This past week, I confessed that time away from my kids makes me a better mom. Talk about unpopular opinion. Apparently we're supposed to want to be around our kids all the time -- otherwise, we're terrible mothers.
But the more I thought about it, especially since I'm headed out of town this week, the more I realized the same principle applies to spouses. Absence may make the heart grow fonder. But I think it also makes it a lot more tolerant.
In my piece that was published earlier this week here at The Stir, I wrote that I really wish I had worked more when my kids were babies because so many of the memories I have of their babydom are jumbled together. That's mostly because I was with them almost nonstop, and when that happens, you often don't have the opportunity to enjoy quality, individual time with them.
And no, I don't count changing poopy diapers as quality time. Sorry.
But now that I have a more regular work schedule and they are in school or (sometimes) with a babysitter, the moments we have are quality time -- not just me doing laundry while the kids are playing in their room.
The same goes in a marriage or any other relationship. If you're always together, doing the same exact stuff, sleeping in the same exact bed, well, things can just get really old. And I'm not just talking about your sex life, though it can certainly apply to that, too.
In my own case, I'm talking about those little quirks and habits that get on our nerves when we're around each other all the time. Like when my husband puts perfectly clean sippy cups IN THE SINK for no reason other than to get them off the table. Heck, I'm not even sure why he does it, but it drives me bonkers.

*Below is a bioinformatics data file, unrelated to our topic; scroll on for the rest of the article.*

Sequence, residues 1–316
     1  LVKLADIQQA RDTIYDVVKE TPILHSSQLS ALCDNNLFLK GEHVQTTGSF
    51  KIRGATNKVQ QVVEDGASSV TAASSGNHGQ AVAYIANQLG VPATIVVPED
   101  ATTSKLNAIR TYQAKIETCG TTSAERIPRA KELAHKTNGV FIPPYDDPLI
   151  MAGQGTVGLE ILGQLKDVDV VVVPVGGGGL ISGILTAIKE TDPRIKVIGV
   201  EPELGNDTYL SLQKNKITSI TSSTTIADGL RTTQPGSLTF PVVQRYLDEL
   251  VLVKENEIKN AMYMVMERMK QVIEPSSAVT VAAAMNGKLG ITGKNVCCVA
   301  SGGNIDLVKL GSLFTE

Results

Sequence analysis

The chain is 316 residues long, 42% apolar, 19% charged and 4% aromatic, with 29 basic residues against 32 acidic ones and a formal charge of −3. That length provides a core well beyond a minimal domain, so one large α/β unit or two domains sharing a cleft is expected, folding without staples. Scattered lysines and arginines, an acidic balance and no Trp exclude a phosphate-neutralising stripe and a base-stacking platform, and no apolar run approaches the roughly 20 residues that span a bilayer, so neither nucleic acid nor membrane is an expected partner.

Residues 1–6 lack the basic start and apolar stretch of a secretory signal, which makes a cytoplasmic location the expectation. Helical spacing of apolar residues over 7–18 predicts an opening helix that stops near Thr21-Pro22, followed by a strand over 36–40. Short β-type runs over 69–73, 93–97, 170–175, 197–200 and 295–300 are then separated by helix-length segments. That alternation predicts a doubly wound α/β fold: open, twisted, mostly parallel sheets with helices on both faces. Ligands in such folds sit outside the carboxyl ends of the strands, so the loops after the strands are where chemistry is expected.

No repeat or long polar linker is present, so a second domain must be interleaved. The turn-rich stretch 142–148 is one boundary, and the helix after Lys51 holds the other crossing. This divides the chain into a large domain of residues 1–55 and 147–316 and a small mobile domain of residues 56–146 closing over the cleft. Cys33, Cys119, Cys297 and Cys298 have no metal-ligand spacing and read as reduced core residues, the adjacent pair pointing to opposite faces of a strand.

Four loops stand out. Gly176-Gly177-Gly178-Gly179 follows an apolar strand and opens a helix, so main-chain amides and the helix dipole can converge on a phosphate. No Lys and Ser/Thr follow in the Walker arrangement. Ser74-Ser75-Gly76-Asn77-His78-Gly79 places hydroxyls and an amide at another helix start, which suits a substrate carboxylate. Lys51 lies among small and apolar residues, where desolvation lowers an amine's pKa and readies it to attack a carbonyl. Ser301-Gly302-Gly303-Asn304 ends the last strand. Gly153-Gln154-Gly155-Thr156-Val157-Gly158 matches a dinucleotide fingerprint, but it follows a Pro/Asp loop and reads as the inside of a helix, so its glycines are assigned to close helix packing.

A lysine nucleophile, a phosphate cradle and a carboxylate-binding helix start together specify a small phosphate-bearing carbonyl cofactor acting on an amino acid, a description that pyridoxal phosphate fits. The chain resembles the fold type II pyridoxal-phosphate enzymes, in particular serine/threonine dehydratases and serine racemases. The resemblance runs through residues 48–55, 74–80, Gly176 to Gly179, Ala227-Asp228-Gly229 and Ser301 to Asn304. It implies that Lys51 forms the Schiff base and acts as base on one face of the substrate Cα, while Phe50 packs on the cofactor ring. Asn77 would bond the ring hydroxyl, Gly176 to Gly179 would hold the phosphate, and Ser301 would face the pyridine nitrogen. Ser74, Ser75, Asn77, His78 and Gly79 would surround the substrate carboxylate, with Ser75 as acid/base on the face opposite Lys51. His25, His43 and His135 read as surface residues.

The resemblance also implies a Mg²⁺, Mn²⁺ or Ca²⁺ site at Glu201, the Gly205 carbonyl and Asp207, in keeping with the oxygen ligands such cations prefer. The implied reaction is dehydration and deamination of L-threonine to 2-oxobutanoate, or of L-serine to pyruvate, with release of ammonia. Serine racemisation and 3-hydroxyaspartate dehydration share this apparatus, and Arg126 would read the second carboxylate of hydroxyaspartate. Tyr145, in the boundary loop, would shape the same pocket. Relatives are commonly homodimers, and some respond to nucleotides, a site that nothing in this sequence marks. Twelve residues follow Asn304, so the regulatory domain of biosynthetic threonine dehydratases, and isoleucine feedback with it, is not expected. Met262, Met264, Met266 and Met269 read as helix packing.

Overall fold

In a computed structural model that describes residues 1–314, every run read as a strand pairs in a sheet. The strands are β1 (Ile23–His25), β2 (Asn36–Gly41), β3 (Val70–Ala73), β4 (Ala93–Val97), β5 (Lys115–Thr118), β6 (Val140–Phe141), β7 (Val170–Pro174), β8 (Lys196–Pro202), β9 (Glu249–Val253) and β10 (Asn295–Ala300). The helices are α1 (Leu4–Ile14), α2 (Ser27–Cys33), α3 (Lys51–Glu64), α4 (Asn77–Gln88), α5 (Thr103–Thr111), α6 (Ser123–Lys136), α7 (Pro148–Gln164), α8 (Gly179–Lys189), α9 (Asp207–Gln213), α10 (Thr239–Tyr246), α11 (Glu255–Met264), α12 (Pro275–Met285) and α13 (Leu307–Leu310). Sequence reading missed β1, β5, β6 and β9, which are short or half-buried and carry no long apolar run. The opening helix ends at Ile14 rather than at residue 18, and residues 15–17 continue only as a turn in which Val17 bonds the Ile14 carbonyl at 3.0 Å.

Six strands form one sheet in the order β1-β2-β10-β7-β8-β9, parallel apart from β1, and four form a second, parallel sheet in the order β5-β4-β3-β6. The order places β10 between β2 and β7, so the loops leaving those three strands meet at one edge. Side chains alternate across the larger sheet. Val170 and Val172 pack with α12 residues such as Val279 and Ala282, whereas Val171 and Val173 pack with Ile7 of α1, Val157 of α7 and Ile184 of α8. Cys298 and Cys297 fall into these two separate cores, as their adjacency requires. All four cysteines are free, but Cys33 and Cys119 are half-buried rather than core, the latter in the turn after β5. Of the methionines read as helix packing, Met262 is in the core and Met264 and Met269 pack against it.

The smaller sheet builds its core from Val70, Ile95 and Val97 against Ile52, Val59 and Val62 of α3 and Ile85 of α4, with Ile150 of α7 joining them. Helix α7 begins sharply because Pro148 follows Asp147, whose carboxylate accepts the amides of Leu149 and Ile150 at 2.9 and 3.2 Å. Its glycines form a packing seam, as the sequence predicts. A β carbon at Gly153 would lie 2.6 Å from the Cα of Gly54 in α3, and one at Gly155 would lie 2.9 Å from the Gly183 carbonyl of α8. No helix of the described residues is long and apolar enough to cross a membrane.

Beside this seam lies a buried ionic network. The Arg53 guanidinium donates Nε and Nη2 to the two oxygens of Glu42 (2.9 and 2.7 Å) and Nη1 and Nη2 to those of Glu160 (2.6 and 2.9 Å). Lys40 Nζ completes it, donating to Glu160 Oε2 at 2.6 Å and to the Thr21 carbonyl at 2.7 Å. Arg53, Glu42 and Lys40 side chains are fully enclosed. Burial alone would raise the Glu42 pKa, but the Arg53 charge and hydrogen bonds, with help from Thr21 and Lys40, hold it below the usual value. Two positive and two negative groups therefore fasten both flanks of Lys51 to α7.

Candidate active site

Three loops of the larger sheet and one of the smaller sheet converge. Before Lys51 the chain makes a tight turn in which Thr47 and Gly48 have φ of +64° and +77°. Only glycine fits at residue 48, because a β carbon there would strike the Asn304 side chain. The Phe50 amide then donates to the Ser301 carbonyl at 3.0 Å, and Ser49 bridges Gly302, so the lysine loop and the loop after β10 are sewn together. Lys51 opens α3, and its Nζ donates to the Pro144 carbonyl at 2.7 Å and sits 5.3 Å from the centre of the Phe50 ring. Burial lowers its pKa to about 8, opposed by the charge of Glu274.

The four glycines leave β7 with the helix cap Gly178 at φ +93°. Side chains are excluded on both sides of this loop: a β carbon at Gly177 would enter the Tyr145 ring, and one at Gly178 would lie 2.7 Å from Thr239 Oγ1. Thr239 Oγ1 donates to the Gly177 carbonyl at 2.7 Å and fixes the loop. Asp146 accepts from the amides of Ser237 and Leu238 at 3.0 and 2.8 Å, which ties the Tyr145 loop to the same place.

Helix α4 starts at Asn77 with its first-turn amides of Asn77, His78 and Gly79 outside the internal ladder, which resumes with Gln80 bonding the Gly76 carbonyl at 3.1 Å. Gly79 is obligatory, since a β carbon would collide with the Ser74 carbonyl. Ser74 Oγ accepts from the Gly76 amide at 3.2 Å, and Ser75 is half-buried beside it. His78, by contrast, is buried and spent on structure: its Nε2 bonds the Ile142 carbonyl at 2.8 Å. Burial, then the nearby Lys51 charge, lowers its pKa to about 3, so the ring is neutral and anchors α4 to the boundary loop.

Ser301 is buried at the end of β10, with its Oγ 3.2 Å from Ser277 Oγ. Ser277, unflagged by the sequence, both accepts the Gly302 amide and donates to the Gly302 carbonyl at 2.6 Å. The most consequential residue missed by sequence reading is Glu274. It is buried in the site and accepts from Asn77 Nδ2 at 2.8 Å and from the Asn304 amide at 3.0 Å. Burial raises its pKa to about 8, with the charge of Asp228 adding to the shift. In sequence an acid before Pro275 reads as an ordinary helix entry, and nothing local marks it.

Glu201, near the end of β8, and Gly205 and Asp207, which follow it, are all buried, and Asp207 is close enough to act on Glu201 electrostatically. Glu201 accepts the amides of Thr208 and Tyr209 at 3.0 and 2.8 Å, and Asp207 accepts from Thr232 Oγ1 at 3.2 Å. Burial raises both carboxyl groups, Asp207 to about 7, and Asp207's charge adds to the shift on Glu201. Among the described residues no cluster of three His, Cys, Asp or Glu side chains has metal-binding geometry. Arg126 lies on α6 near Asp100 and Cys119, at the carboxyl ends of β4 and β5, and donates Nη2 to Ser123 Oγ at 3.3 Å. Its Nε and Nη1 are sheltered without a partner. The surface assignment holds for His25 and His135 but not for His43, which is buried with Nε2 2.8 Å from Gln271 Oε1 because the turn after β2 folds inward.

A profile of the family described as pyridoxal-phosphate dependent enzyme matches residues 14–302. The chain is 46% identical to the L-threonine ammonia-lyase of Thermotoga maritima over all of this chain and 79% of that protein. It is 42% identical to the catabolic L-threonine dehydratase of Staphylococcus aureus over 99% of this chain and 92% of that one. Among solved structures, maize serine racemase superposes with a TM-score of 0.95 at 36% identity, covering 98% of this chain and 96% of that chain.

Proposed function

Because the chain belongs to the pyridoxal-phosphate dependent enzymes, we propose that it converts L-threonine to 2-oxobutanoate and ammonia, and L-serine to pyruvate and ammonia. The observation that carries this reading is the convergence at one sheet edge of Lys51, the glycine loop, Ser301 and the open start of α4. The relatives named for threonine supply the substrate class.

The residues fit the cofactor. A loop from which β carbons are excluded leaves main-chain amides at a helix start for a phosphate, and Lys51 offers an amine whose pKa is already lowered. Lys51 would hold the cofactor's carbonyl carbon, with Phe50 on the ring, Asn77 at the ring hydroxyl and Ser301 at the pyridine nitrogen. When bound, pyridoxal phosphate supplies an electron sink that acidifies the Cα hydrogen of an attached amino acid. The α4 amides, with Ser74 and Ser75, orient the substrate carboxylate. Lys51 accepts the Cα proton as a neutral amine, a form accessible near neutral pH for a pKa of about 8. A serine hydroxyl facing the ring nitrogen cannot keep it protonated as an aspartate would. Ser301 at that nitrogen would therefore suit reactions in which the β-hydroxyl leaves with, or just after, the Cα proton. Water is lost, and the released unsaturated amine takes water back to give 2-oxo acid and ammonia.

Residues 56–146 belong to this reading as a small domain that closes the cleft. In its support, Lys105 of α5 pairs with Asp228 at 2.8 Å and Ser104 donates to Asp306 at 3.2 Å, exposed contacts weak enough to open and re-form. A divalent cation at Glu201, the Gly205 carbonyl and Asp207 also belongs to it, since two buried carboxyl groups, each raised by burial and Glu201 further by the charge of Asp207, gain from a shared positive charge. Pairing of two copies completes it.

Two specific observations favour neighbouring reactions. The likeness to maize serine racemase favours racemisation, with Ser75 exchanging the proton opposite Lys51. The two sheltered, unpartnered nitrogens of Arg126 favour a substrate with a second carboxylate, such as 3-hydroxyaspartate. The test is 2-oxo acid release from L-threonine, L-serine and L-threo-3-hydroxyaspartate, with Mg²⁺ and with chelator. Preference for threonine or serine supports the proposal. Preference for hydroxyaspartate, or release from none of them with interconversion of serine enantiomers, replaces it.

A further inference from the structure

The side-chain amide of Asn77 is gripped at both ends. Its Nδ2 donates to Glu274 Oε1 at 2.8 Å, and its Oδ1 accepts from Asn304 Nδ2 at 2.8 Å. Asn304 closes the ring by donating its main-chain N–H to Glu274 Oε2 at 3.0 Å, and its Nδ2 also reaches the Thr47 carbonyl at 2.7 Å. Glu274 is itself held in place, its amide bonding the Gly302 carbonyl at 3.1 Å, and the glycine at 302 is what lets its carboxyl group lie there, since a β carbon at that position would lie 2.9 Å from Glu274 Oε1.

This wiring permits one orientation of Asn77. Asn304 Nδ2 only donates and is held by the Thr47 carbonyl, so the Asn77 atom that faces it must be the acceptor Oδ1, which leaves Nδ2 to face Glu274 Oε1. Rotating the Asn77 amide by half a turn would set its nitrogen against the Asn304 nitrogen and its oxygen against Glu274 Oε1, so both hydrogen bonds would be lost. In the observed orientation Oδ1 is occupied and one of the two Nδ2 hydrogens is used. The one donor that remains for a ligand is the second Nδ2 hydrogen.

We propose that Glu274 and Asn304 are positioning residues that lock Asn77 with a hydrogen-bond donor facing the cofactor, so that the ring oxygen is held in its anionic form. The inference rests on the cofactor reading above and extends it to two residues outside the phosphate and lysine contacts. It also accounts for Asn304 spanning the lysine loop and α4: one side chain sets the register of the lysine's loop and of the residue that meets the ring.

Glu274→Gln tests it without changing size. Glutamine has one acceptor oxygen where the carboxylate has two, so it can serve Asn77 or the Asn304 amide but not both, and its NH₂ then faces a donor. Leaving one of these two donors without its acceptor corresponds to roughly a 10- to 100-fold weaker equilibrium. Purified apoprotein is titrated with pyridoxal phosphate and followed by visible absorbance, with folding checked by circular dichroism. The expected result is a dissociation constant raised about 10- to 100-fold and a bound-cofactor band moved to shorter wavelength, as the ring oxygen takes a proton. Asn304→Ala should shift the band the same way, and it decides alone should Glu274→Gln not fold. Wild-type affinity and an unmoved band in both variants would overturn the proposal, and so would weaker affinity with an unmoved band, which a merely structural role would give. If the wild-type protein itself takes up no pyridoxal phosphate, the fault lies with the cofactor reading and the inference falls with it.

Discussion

And his bedtime quirks, like sleeping with ear plugs, and needing the covers a certain way ... well, let's just say I really like when I'm able to sleep in my own bed for a little while.
What I've learned is that these things aren't going to change, really, because they're just a part of who he is, sort of like his gift-giving strategy. But when I'm around it every single day, it can be a bit taxing on us.
And don't worry. I know that I've got my fair share of quirks too. But he gets to travel for a living, so it's not like he doesn't get a break from me.
But what I've found is that when I get the chance to travel myself, I also get the chance to regroup, and it makes a huge difference in our relationship. Not only do I generally get to see friends and have fun, which is good for the psyche and the soul, but I come back thankful, appreciative, and a bit more empathetic, all of which are really important in keeping our marriage healthy.
What are your tricks for being a better wife/partner?
Image via Sean MacEntee/Flickr